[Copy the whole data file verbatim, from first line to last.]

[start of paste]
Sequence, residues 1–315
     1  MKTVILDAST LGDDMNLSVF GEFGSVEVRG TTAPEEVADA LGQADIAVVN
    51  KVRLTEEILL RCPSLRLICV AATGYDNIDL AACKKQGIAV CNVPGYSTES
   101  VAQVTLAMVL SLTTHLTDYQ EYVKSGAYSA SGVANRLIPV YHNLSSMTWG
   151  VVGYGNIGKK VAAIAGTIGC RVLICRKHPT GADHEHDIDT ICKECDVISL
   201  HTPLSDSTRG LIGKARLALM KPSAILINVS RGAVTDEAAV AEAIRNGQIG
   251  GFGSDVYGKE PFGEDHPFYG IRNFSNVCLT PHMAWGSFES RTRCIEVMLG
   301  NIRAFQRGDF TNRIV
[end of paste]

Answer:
Sequence, residues 1–315
     1  MKTVILDAST LGDDMNLSVF GEFGSVEVRG TTAPEEVADA LGQADIAVVN
    51  KVRLTEEILL RCPSLRLICV AATGYDNIDL AACKKQGIAV CNVPGYSTES
   101  VAQVTLAMVL SLTTHLTDYQ EYVKSGAYSA SGVANRLIPV YHNLSSMTWG
   151  VVGYGNIGKK VAAIAGTIGC RVLICRKHPT GADHEHDIDT ICKECDVISL
   201  HTPLSDSTRG LIGKARLALM KPSAILINVS RGAVTDEAAV AEAIRNGQIG
   251  GFGSDVYGKE PFGEDHPFYG IRNFSNVCLT PHMAWGSFES RTRCIEVMLG
   301  NIRAFQRGDF TNRIV